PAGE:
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Cost Utility of Mobile Telescreening of Diabetic Retinopathy in rural south India Dr R.R.Sudhir 1 DO. DNB. MPH (Johns Hopkins USA) Head of Dept of Preventive.

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Presentation on theme: "Cost Utility of Mobile Telescreening of Diabetic Retinopathy in rural south India Dr R.R.Sudhir 1 DO. DNB. MPH (Johns Hopkins USA) Head of Dept of Preventive."— Presentation transcript:

1 Cost Utility of Mobile Telescreening of Diabetic Retinopathy in rural south India Dr R.R.Sudhir 1 DO. DNB. MPH (Johns Hopkins USA) Head of Dept of Preventive Ophthalmology Senior Consultant Cornea Services Consultant In-charge of EMR Co-investigators : Sarah Polack 2, Rosa Legod 2, Yasmene Alavi 2, Robert Lindfield 2, Tarun Sharma 1, Hannah Kuper 1 1 Sankara Nethralaya Medical and Vision Research Foundation Chennai, India & 2 International Center For Eye Health (London School of Hygiene & Tropical Medicine)

2 Introdu ction Diabetic retinopathy (DR) can cause blindness, but this can be prevented through early detection and treatment. Diabetic populations in rural communities in India typically have limited access to ophthalmic care. Ensuring regular diabetic ophthalmic examinations for rural populations therefore poses a considerable challenge. Rural Mobile telescreening for DR provides examination services for population who may not otherwise have access to them. Evidence regarding the cost-effectiveness of screening for DR in low income settings is lacking. Cost Utility of Mobile Telescreening of Diabetic Retinopathy in rural south India Dr R R Sudhir

3 AIM To assess the cost-effectiveness of a telescreening of Diabetic Retinopathy program in rural Southern India and to assess the incremental cost effectiveness ratios associated with different screening intervals. Cost Utility of Mobile Telescreening of Diabetic Retinopathy in rural south India Dr R R Sudhir

4 Methods We used a Markov model to estimate the cost-utility of a) the current teleophthalmology program which involves one-off screening in comparison to no screening programme, and b)the cost-utility of this program at different screening intervals. Six different screening interval strategies were compared: no screening, once in a life time screening (current approach) and twice in a life time screening, screening every 5 years, 3 years, 2 years and annual screening. The model was based on a hypothetical cohort of 1000 rural diabetes patients aged 40yrs who had not been previously screened for DR. Cost Utility of Mobile Telescreening of Diabetic Retinopathy in rural south India Dr R R Sudhir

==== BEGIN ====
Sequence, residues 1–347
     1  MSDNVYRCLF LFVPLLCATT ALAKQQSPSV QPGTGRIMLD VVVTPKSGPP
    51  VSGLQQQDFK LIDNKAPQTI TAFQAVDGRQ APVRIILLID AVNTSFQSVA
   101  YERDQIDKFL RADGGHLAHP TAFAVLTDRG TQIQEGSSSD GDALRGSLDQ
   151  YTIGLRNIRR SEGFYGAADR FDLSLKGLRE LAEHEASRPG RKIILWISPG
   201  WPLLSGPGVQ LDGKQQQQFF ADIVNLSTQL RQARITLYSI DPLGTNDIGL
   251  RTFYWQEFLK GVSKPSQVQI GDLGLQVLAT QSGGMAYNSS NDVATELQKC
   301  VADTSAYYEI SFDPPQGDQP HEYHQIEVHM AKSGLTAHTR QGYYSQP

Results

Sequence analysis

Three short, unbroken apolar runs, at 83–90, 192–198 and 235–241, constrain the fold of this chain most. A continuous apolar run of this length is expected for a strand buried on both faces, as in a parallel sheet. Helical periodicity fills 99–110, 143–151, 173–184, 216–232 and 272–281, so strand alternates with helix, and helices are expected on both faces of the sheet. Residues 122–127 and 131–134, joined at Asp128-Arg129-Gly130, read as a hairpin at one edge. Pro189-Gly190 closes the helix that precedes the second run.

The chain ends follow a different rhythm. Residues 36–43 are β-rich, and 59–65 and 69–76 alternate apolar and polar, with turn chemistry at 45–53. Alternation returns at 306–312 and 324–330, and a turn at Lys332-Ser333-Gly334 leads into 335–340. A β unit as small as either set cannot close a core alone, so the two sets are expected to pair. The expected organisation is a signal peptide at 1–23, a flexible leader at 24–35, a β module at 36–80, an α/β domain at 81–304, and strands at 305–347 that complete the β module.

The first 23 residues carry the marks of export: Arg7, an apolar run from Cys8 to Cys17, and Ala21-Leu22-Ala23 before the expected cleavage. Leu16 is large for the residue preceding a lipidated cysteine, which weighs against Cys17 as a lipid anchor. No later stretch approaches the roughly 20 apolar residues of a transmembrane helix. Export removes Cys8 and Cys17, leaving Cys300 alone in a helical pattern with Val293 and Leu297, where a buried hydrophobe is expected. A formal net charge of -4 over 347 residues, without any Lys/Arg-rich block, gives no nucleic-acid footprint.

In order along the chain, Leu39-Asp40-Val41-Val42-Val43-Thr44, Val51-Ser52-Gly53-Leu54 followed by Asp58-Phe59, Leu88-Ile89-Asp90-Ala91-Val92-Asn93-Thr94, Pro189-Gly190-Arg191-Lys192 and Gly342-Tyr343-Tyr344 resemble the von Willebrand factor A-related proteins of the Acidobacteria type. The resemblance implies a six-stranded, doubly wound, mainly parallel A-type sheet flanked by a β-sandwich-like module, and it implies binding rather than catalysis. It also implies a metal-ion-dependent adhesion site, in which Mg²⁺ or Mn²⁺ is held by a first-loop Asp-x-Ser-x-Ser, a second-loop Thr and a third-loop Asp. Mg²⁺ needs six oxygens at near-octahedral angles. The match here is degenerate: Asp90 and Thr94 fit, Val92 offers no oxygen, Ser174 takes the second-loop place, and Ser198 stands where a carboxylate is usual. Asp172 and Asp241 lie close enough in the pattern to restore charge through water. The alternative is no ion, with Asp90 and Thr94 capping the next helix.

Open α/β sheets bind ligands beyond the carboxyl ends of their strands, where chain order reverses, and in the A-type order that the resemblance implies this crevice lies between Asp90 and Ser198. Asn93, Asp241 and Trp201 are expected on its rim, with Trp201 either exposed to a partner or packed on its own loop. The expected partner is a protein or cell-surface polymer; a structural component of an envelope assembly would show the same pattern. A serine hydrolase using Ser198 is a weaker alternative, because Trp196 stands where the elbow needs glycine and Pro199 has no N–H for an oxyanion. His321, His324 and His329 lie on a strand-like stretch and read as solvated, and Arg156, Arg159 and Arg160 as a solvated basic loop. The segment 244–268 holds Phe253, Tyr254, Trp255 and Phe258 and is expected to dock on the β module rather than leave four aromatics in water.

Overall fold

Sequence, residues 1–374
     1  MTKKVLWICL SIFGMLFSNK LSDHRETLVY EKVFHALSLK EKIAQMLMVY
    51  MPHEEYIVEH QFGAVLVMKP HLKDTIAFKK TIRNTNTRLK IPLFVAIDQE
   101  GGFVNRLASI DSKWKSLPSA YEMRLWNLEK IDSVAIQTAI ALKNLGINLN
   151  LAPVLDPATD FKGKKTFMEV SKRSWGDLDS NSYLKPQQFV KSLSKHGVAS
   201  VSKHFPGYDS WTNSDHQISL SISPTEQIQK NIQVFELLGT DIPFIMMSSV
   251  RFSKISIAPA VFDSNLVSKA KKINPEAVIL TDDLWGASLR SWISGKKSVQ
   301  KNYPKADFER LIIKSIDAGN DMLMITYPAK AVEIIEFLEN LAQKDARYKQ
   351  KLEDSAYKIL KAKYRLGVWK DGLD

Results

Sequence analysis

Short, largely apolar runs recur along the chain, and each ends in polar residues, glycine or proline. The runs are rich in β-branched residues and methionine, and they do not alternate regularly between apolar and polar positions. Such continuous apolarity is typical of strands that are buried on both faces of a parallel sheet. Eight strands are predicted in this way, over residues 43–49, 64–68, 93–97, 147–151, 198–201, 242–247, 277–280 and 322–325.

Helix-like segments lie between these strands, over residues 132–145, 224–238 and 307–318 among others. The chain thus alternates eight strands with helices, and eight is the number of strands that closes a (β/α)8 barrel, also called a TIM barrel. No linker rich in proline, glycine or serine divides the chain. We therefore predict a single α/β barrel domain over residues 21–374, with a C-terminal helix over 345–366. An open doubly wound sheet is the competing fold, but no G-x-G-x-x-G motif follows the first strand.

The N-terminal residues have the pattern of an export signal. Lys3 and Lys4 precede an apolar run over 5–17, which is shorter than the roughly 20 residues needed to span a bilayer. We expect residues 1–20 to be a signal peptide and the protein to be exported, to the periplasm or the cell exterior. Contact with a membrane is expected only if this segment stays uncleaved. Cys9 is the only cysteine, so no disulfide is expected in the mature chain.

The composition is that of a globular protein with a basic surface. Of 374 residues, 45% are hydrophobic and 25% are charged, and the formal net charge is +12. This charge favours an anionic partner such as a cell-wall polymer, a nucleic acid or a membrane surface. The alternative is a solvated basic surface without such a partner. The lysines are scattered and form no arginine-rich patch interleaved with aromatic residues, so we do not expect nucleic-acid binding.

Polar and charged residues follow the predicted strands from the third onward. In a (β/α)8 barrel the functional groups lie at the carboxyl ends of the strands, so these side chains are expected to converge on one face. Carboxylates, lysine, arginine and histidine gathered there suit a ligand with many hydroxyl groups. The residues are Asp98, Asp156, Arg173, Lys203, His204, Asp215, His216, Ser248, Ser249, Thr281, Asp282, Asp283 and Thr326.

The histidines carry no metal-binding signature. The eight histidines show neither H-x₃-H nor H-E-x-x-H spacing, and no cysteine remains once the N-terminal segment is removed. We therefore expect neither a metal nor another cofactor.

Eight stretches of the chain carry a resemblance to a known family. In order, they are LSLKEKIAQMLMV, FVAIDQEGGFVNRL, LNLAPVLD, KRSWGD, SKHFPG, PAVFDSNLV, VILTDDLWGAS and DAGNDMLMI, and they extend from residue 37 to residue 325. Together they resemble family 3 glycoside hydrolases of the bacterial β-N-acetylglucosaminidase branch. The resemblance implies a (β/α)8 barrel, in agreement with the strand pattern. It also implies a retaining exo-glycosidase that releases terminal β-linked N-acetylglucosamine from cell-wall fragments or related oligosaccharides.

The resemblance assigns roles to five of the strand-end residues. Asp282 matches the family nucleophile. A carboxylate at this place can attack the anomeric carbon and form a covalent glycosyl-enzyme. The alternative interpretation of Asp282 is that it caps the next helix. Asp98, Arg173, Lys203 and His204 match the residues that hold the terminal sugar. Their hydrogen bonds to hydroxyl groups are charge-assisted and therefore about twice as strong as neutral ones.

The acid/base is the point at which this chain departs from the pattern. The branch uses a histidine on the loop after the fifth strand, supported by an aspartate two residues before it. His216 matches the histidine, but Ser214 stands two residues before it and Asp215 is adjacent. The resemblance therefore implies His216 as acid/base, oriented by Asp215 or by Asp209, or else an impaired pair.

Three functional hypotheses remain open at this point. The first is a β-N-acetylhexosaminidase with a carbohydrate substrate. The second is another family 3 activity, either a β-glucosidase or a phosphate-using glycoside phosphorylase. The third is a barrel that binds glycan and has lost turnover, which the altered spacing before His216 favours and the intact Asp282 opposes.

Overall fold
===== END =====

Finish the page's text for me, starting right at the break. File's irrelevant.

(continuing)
5 Methods To estimate utility values associated with DR, 249 people with diabetes were interviewed using the time-trade off method. Patient and provider costs of screening and treating DR were estimated through interviews with 100 diabetic patients as well as program and hospital managers. The sensitivity and specificity of the DR screening was assessed by comparing it to diagnosis using a gold standard method for 346 diabetes patients. Other model parameters were derived from literature. Incremental cost-utility ratios were calculated from health provider and societal perspective each successive strategy comparing the most to the next least costly (e.g. comparing annual screening to screening every 2years).. Cost Utility of Mobile Telescreening of Diabetic Retinopathy in rural south India Dr R R Sudhir

6 Markov model parameter estimates assumptions Cost Utility of Mobile Telescreening of Diabetic Retinopathy in rural south India Dr R R Sudhir

7 StrategyCost $ Incremental costQALY Incremental QALYICER* Health provider perspective No screening Once in a life time ,320 Twice in a life time ,343 Every 5 yrs ,027 Every 3 yrs ,034 Every 2 yrs ,435 Annual ,029 Societal perspective No screening Once in a life time ,692 Twice in a life time ,475 Every 5 yrs ,134 Every 3 yrs ,365 Every 2 yrs ,669 Annual ,677 Incremental cost-effectiveness of different tele-screening intervals- Incremental cost-effectiveness of different tele-screening intervals- comparisons made to next most intensive strategy Cost Utility of Mobile Telescreening of Diabetic Retinopathy in rural south India Dr R R Sudhir WHO suggested cost effective range,1-3 times the Indian GDP ($ ).

8 Discussion The Strength of our study : Utility value (0.55) derived from a sample of diabetic patients from the program area. Primary data on costs, effectiveness and diagnostic tool accuracy were collected from the program setting rather than relying on published studies undertaken in other countries. Data on baseline DR prevalence was estimated from a recent population based study conducted in Chennai. Limitation : Our model assumed 100% attendance of the initial cohort at each subsequent DR screening. Although there is evidence that DR screening in rural communities may increase compliance compared to hospital based screening, complete attendance may not be realistic. Cost Utility of Mobile Telescreening of Diabetic Retinopathy in rural south India Dr R R Sudhir

9 Conclusion Our analysis suggests that a one-off telescreening program for DR is cost-effective compared to no screening in this rural Indian setting from a health provider perspective. Increasing the frequency of screening up to 2 years is also cost-effective, although this is dependent on the administrative costs of establishing and maintaining screening at regular intervals and on achieving sufficient coverage Cost Utility of Mobile Telescreening of Diabetic Retinopathy in rural south India Dr R R Sudhir

10 Thank you Acknowledgements Study Grant : Sight Savers International


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